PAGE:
Of Fears and Foes: Security and Insecurity in an Evolving Global Political Economy

Of Fears and Foes: Security and Insecurity in an Evolving Global Political Economy

Of Fears and Foes: Security and Insecurity in an Evolving Global Political Economy

Of Fears and Foes: Security and Insecurity in an Evolving Global Political Economy

Synopsis

At the end of the deadliest century known to mankind, the world still finds itself mired in bloodshed. In addition to formal inter-state conflict, we see an increase in other forms of organized violence, including ethnic warfare, terrorism, civil conflict, and internationally necessitated "police" actions. The explanatory power of traditional notions of international security, which has provided a cornerstone for international relations theory as a whole, seems increasingly inadequate in helping to understand the makings of global security. Ciprut integrates the innovative thinking of some of the best scholars working on international relations and systematic security issues today. He offers a fundamental reassessment of what constitutes security and insecurity in an emerging global environment.

Excerpt

As the bloodiest of all centuries comes to an end, this volume enters the new millennium by recontextualizing and interconnecting certain military and non-military security dilemmas whose complex inputs and synergetic impacts elude and defy conventional analysis. in addition to reconsidering these complications at the national, international, and transnational levels of synthesis, we endeavor to assess their globalizing sociopolitical and geoeconomic import from the perspectives of strategy and policy along a systemic approach.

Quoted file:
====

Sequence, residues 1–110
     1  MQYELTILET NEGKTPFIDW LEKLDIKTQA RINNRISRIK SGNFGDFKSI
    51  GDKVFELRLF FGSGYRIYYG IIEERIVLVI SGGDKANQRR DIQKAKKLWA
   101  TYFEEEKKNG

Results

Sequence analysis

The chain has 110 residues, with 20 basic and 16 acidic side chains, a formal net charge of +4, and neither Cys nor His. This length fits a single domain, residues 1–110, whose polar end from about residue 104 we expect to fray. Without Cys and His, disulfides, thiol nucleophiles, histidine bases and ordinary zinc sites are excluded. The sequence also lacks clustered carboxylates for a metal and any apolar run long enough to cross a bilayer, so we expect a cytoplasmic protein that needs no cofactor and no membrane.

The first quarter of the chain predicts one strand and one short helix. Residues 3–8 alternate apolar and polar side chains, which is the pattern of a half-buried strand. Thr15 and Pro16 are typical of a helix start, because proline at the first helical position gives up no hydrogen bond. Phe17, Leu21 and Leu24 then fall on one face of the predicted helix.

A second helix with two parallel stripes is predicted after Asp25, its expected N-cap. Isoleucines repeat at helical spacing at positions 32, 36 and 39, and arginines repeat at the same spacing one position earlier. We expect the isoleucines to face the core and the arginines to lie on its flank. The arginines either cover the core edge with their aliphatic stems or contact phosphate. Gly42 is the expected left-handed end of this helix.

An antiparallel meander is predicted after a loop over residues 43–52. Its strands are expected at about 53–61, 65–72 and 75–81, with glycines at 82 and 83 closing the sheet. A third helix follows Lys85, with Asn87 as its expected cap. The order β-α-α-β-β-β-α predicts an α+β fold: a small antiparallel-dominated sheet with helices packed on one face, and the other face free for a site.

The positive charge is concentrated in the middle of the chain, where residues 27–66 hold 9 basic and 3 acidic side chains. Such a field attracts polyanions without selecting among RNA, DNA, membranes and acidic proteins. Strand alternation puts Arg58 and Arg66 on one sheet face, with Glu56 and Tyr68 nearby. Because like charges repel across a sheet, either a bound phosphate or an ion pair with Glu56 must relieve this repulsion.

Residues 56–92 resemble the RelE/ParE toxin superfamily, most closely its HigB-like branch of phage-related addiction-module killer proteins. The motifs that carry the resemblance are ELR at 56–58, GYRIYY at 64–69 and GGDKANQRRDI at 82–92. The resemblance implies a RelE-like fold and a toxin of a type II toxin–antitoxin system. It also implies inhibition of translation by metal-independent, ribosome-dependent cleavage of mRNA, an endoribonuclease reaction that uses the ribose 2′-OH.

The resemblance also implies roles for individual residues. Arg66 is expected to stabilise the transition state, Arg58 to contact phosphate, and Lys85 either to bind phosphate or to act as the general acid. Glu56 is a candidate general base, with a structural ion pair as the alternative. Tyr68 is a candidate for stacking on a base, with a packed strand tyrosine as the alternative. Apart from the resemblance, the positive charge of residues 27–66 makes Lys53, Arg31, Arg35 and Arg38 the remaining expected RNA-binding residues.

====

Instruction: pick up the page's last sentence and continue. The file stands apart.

We proceed in a frame of mind that seeks to link verifiable findings, generalizable insights, and theorizable practical action. We deploy an interdisciplinary mentality that seeks to understand the combinations and permutations of the newer constituents of the world's security equations. We reassess the outcomes of our joint endeavor in search of enlightened policies and effective responses.

The end of the Cold War was precipitated by the great comfort with which the West could and would have overwhelmingly outspent the East beyond a simple tilt of the balance of terror. Having all too successfully induced the implosion of its fears and the utter dismemberment of its foes, the West promptly engaged the East to elicit a relatively well-managed reciprocal program of gradual nuclear disarmament. Yet today, even as Asia installs additional intercontinental ballistic missiles pointing at the Americas, the planet's mightiest nation is proactively designing a "digitized" army of excellence, able to deploy crosslinked and intersustaining modules of unprecedented lethal precision. These modules are to be tailored, trained, and equipped to respond to a variety of more or less distal challenges with realtime efficacy, at a moment when the world remains hamstrung between two . . .

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